The second dispatch came from Jinja in Uganda, where curator Moses Serubiri invited photographer Mohsen Taha to explore Jinja's Indian architectural legacy and Idi Amin's notorious expulsion of Uganda's Asian minority in 1972.


The third episode took place while curator Yu Ji and poet Xiao Kaiyu hiked on Dong Shan (East Mountain), 130 km west of Shanghai, on a peninsula stretching into Tai Hu lake near the city of Suzhou, China.


The fourth dispatch came from Lisbon, where Galician curator Pedro de Llano visited key locations that marked the life and work of Luisa Cunha.


The fifth episode took place in April 2016, when curator Simon Soon and artist chi too visited the Malaysian North Eastern state of Terengganu, where chi spent some time in 2013, surrounded by “men and women who work(ed) multiple jobs as fishermen, housebuilders, boat builders, farmers, coconut pickers, food producers, and everything else that matters.”


The sixth episode narrates a walking itinerary conducted by curator Marianna Hovhannisyan with Vardan Kilichyan, Gohar Hosyan, and Anaida Verdyan in Yerevan, the capital of Armenia, documenting the transformed, disappeared, or permanently-closed art institutions in the city centre.


The seventh episode comes from Hobart, the capital of Tasmania. It is narrated by curator Camila Marambio, following an itinerary devised by artist Lucy Bleach. They spent the day "encircling the outer limits of human understanding by visiting the histories, both past, and present, of attempts to reach beyond our sensory capacities through governance, technology, and reverie", and ended the day cooking at Lucy's home-sharing their mutual love for quinces.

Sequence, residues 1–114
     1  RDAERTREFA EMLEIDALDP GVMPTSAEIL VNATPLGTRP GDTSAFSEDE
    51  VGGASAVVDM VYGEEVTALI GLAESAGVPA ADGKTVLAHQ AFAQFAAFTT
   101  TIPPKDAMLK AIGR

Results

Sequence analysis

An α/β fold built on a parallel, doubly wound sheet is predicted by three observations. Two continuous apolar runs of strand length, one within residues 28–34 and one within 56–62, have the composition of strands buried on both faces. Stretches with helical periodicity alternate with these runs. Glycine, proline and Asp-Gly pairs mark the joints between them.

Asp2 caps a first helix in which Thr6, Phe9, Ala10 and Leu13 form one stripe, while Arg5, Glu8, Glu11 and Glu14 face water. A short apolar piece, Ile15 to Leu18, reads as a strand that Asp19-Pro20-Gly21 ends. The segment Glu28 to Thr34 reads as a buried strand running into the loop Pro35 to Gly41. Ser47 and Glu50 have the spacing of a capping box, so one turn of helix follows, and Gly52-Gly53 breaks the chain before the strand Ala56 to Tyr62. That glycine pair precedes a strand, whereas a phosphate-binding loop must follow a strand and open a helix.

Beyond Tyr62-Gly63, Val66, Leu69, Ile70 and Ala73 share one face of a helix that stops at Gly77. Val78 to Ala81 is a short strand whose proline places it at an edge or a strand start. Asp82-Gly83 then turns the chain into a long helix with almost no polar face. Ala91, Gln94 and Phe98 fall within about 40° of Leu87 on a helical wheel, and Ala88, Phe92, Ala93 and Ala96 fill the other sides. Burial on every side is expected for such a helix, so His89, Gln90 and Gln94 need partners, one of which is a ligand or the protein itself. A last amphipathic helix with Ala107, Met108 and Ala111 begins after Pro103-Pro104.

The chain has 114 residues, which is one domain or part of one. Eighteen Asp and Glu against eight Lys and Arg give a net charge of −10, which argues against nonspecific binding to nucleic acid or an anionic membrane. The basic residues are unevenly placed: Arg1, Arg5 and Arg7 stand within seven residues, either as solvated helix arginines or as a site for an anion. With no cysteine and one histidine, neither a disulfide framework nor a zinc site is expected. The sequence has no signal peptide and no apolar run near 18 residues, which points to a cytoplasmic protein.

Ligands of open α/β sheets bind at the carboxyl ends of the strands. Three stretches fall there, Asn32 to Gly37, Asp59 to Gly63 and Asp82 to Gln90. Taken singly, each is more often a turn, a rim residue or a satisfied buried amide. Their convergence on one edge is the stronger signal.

In the eighth 'Incidents (of Travel)' dispatch Móvil co-founder and curator Alejandra Aguado followed the itinerary devised by the artist Diego Bianchi around Buenos Aires, Argentina. 

Their exploration took them from the self-regulated community Velatropa to the buzzing commercial area of Once, identifying human and non-human flows and interactions. This became an entry point for discussing Bianchi's interests in how, as consumers, we define a particular zeitgeist and appropriate trends that enable us to affirm our identities.


In the ninth dispatch, Canadian curator Becky Forsythe and Icelandic artist Þorgerður Ólafsdóttir navigate Reykjavík's surroundings considering Þorgerður's “current interest in Icelandic Spar (a form of transparent calcite), its double refraction and light-polarizing properties. In a race with daylight, they travel between sites collecting moments and considering the ways in which geologic time surfaces in the context of human time.”